Fleet News

Green fleet: Bike4Work

Tax-free offers on new bicycles make the traditional form of transport an enticing alternative

At a glance

  • This means that if an employee finances bicycle for employee’s work use - including commuting - then no tax is due.

  • So employees can supply bicycles for rent to staff in return for a salary sacrifice.

  • To qualify, the majority of the use of the bike should be for work.

  • However, HMRC has said it will assume that this condition is being met unless it finds evidence to the contrary.

  • At the end of the rental period, the bike can be sold to the employee for a nominal sum

  • The employee gets a cheap bike and the employer improves its green credentials

    With the current furore around the importance of green fleets, you could be forgiven for worrying whether you should be investing in any number of alternatively-powered vehicles.

    But as well as the clean diesels, biofuels, LPG and CNG cars, there is a more traditional form of clean transport – the humble bicycle.

    With no emissions or noise, biking is decidedly in vogue, and more and more companies are starting to notice.

    Several have now introduced schemes under the Government’s Green Transport Plan that let employees take advantage of tax-free offers on new bikes.

    Employees that use their bikes for work purposes are also entitled to a mileage allowance of 20p per mile.

    One such company is engineering giant Atkins, which operates the Bike4Work scheme for the majority of its 12,500 employees.

    According to Atkins’ head of reward, Iain Willetts, it’s a programme that has no drawbacks.

    “It’s one of the salary sacrifice schemes that has enjoyed increased take-up and profile recently,” he says. “I’d seen in the trade press that it was an increasingly common benefit.

    “Within the last two to three years we’ve put a lot of effort into expanding our voluntary benefits offering and we’d done a lot of salary sacrifice schemes. We’d had some experience and thought this was something we could explore.”

    Atkins went with the Bike4Work scheme run by benefits company Grass Roots, with which it already had dealings for other salary sacrifice schemes.

    “Grass Roots did the administration and acted as a middleman between us and Halfords – the chain we used at first,” explains Mr Willetts.

    “We set a ceiling price of £1,500 for each bike – the average cost was around £400. Once the employee chooses how much they want to spend, a voucher is sent to them through the post, which they take to their local store.”

    Mr Willetts says the operation of the scheme has been painless.

    “It’s very clean for us. We give them the voucher and don’t really get involved in it.

    “We had 250 takers last year, and as a result of that there was a lot of interest in doing it again, so we repeated it. We currently have 310 takers, and this time used a network of independent bike retailers, which means there is a great deal of choice.”

    Such choice has resulted in positive feedback.

    “It’s run smoothly and we’ve had 300-plus happy punters, most of whom are riding to work on their bikes,” Mr Willetts says.

    “The engineering consultancy market is a competitive one and we have to be constantly looking at benefits that would be attractive.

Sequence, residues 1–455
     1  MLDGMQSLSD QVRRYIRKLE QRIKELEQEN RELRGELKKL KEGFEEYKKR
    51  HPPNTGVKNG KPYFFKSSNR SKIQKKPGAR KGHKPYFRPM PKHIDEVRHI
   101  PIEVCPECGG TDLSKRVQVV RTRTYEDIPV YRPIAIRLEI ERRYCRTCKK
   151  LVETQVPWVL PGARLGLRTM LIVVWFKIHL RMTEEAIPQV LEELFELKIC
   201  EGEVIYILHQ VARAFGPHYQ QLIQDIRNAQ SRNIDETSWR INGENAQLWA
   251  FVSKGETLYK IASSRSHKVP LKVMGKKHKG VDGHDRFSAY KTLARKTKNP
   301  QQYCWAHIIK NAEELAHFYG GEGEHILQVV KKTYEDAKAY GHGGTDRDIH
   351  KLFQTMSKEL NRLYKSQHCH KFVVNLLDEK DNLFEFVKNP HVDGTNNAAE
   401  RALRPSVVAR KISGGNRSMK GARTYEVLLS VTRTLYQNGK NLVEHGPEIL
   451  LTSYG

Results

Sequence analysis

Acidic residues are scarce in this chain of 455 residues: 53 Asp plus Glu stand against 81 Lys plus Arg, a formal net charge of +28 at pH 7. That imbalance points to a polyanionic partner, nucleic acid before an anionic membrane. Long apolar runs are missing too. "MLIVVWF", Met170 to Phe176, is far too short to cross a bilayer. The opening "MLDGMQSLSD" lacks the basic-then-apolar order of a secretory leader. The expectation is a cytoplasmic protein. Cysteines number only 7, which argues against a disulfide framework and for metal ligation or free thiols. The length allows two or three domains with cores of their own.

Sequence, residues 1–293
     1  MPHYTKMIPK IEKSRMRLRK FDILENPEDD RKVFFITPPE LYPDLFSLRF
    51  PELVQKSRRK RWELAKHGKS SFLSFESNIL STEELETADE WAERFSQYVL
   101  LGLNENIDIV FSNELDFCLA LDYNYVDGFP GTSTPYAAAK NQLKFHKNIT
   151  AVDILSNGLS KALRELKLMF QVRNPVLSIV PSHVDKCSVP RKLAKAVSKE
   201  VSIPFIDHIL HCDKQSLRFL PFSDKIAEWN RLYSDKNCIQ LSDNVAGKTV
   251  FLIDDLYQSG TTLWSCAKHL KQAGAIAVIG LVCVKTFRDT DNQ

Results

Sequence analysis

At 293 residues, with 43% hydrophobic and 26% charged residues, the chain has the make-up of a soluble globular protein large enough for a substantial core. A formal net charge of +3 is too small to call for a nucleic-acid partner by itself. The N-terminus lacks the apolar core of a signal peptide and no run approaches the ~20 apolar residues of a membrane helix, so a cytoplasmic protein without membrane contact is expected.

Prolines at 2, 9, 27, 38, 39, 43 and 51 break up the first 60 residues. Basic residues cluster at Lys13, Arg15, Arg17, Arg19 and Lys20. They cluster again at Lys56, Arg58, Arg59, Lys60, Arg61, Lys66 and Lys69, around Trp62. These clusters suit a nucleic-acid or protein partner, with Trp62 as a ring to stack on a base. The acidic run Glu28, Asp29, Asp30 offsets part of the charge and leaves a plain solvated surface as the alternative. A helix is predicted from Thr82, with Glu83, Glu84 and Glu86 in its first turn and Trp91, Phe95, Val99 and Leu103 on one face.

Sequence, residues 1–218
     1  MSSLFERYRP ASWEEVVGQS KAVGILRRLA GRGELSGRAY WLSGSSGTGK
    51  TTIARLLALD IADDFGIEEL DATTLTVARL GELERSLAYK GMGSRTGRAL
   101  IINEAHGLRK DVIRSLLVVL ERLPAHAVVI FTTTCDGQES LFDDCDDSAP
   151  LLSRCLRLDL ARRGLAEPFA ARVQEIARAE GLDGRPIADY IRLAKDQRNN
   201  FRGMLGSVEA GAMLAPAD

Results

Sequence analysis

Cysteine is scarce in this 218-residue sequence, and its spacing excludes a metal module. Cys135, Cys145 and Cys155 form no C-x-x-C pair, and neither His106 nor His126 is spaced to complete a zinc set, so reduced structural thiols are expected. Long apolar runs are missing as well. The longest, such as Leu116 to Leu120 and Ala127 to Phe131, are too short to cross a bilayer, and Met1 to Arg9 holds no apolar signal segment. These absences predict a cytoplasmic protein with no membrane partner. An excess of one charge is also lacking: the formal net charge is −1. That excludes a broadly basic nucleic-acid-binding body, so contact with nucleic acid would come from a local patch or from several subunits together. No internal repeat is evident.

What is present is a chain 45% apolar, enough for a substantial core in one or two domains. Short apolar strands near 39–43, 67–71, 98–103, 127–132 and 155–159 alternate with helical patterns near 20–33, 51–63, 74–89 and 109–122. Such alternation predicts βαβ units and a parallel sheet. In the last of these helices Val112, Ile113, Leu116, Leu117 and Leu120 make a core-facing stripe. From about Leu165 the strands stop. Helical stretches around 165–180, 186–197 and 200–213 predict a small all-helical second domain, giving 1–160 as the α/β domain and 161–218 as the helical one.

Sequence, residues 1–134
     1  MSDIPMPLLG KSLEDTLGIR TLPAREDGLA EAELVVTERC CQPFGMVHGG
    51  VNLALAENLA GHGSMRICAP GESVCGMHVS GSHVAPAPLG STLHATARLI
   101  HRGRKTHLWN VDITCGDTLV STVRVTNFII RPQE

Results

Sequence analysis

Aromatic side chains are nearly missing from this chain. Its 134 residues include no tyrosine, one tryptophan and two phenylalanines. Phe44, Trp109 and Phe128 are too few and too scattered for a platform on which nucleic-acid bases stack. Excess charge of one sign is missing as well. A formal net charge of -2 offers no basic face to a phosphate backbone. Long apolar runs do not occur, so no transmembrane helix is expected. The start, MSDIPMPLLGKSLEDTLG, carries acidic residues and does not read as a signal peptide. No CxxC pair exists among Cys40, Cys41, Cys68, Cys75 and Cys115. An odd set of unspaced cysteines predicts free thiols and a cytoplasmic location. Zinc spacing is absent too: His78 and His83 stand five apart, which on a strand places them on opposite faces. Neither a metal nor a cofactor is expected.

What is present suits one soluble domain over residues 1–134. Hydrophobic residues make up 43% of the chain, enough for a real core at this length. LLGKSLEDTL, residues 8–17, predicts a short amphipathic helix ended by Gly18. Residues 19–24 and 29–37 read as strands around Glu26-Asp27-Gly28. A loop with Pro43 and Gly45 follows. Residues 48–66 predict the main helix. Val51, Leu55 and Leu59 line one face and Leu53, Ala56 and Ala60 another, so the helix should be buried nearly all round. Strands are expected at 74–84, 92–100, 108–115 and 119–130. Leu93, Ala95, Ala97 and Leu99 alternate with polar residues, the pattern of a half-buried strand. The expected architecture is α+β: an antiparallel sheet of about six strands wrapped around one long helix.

“We’re quite a green company and because we are a technology engineering consultancy we do some specific environmental and sustainability work. There’s an awareness within the firm that any benefits with green conditions are attractive.”

    Andy Lister, head of employee reward and benefits for Grass Roots, explains how the scheme was made possible.

    “When the government changed the taxation rules for company cars to CO2-based, they also changed the rules on tax exemption for green travel, which includes cycling as a method of commuting,” he says.

    “If the employer provides a bike for work purposes, then that bike is not subject to tax.”

    Work purposes, in this instance, does not fall under the same definition as the use of cars for business.

    “In order for it to be tax-free, the majority of the use of the bike has to be for work purposes, but that’s a wide definition,” explains Mr Lister.

    “It means travelling from home to work, or home to another method of transport such as to the station of the bus stop. Employees may also use it in their lunch hour.

    “This doesn’t mean that you have to use it every day. If you use it three times a year and twice is for work, then that’s fine.”

    For those worried about keeping track of their work/pleasure riding ratio, fear not.

    “HM Revenue and Customs has made it clear in their guidance that they do not expect employers or employees to keep records,” Mr Lister says.

    “Providing there is no evidence of abuse, they will assume that the main use test is passed.”

    The operation of the scheme is relatively simple.

    “The employer buys the bikes and then lends them to the employees over a fixed term in return for a salary sacrifice, which depends on the value of the bike,” explains Mr Lister.

    “It comes out of their gross pay and so saves them between 31% and 41% on the cost of the bike.

    “The bike is owned by the company for the duration but at the end of the period the employer can choose to sell the bike to the employee for a nominal sum.”

    Atkins has used the introduction of the scheme as a catalyst for site improvements.

    Its UK offices now sport bike sheds and showers so biking workers can freshen up after their commute.

    “It’s definitely a win-win scheme” says Mr Willetts.

    “The employees get cheap bikes and it’s consistent with the environmental objectives and agenda that we have. Everyone’s benefiting from a tax shield and we can offer it on a national basis. We’re very pleased with it.”

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